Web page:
The measure of worktime control included employees’ perceived control over the beginning and end of a workday, their opportunities to take breaks and to deal with private matters during the workday, the scope for influencing the scheduling of shifts, the scheduling of paid days off and vacations, and the opportunities to take unpaid leave. The six items covered the worktime control elements contained in the regulations of municipal labour contracts. Responses to each item were given on a five point scale (1 = very little, ..., 5 = very much). The mean of the six items was used. The measure had good internal consistency, with a Cronbach’s alpha of 0.82. A more detailed description of the measure has been published elsewhere.14
The scores for worktime control in the 1997 and 2000 surveys were first divided into tertiles, according to tertiles in 1997. The levels of worktime control were then classified into the following three categories: high worktime control (high in both 1997 and 2000), low worktime control (low at both times), and intermediate worktime control (all other combinations of worktime control levels in 1997 and 2000).
Low control over working time increases the risk of future health problems.
The risk is highest among women, especially those with families, and among manual workers.
Self rated health status was assessed by an overall rating of health on a five point scale (1 = good, 2 = fairly good, 3 = average, 4 = fairly poor, 5 = poor). The responses were dichotomised, 1–2 indicating good health and 3–5 representing poor health. Self rated health is a widely used concept in medical, epidemiological, and health psychological research.16–18 In the study cohort, 304 men (34% of men) and 1140 women (35%) had poor health at the time of follow up.
Psychological distress was measured by the 12 item version of Goldberg’s General Health Questionnaire (GHQ-12), which was developed to screen for non-specific psychiatric morbidity in populations.19 To indicate psychological distress, we used the cut off point of at least four of the assessed psychological symptoms being reported more than usual, as in studies validating the GHQ-12 against standardised psychiatric interviews.20 In the follow up, 234 men (26%) and 947 women (29%) showed psychological distress.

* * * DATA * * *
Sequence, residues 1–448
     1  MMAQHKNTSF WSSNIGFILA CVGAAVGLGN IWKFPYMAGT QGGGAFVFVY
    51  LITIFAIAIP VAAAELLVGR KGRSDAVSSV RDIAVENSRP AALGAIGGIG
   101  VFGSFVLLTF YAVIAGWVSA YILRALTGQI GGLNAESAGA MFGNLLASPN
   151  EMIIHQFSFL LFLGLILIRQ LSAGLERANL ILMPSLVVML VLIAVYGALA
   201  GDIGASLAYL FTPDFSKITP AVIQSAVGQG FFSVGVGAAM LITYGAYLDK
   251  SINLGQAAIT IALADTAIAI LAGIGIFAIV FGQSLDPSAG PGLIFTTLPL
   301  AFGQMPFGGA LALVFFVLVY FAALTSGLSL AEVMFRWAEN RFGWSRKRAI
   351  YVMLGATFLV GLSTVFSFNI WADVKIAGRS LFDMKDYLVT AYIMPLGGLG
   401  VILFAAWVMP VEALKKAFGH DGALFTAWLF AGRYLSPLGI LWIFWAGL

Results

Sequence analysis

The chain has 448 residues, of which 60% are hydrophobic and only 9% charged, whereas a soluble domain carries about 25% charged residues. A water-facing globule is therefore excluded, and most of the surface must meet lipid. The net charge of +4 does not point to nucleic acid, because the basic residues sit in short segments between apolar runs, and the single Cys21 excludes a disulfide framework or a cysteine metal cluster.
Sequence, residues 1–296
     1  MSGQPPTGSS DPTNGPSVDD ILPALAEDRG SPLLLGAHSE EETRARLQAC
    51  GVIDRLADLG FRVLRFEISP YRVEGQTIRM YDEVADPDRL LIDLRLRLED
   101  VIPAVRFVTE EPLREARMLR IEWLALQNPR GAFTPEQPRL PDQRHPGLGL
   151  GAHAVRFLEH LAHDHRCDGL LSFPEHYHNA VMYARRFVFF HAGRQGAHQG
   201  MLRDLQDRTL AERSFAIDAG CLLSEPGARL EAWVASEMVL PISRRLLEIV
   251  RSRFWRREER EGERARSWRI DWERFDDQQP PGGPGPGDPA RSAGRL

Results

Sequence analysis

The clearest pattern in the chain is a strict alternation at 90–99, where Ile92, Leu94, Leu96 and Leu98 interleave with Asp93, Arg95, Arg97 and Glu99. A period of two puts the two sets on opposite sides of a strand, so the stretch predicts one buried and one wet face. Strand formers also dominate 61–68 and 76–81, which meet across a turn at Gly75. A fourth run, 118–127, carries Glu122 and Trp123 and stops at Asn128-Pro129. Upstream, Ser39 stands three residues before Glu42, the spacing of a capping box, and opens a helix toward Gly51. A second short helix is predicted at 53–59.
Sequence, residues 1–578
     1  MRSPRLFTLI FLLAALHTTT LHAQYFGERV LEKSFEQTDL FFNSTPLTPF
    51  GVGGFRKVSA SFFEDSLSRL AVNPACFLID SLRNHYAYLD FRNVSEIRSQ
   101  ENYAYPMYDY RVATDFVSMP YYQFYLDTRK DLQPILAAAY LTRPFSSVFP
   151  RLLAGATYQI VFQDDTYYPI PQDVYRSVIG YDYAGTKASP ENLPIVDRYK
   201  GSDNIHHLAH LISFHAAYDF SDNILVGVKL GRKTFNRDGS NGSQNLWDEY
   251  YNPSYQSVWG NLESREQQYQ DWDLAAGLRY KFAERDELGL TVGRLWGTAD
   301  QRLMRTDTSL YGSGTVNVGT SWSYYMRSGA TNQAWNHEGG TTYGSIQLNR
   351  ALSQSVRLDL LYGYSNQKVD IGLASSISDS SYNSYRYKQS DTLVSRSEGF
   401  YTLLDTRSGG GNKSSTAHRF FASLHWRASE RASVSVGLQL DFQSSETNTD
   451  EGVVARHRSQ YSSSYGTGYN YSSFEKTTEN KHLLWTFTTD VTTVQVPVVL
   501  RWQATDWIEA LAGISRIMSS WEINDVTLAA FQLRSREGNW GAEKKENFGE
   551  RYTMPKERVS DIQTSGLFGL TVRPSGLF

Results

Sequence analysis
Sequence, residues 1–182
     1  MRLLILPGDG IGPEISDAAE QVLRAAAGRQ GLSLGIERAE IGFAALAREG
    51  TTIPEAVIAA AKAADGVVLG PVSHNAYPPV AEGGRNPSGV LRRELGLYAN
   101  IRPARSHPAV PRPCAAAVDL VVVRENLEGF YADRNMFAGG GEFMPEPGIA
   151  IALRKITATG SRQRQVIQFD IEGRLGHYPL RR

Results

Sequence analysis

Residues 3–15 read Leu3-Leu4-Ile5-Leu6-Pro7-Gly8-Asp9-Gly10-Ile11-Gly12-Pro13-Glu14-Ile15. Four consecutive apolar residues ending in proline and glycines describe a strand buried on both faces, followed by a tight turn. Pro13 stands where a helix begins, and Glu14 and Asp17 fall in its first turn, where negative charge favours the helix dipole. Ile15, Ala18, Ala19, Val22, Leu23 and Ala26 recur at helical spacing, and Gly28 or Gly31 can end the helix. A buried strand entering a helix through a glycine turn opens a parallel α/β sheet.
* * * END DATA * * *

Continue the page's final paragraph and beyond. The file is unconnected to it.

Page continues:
Sickness absences were measured by the frequencies of medically certified (>3 days) sickness absence periods in 2001. This type of measure has been shown to adequately reflect employee health in epidemiological studies.21,22 For each respondent, we calculated the days at work during the year by excluding the days absent for reasons other than sickness. These person-years represented “days at risk for sickness absence” and were weighted in the statistical analyses. Employers participating in the Ten Town Study routinely record each sick leave period for every employee, including the dates when each period started and ended. Records were checked for inconsistencies. Overlapping and consecutive periods were combined. According to the regulations, each sick leave certificate must be forwarded for recording. Municipal employers keep strict records of all sick leave in order to receive statutory compensation from the Finnish Social Insurance Institution for salary losses from sick leaves longer than 10 days. The employees on sick leave receive full salary from the first day. Medical certificates are required for sick leaves longer than three days, a focus of this study. Maternity leave and absence from work to care for a sick child are not included in the figures. In Finland municipal labour contracts allow employees to be absent from work for up to three days without loss of salary to care for acutely ill children under 10 years of age, and there are no limitations on the annual number of such absences. Other absences to care for a sick child are not compensated for. In our baseline study14 the employees with dependent children did not have any excess of medically certified sickness absences compared with those without children at home. Thus a false use of sickness absence when in fact looking after a sick child appears unlikely.
Worktime is in transition in Western societies.
Providing employees with worktime control may buffer against health problems.
Other predictors of health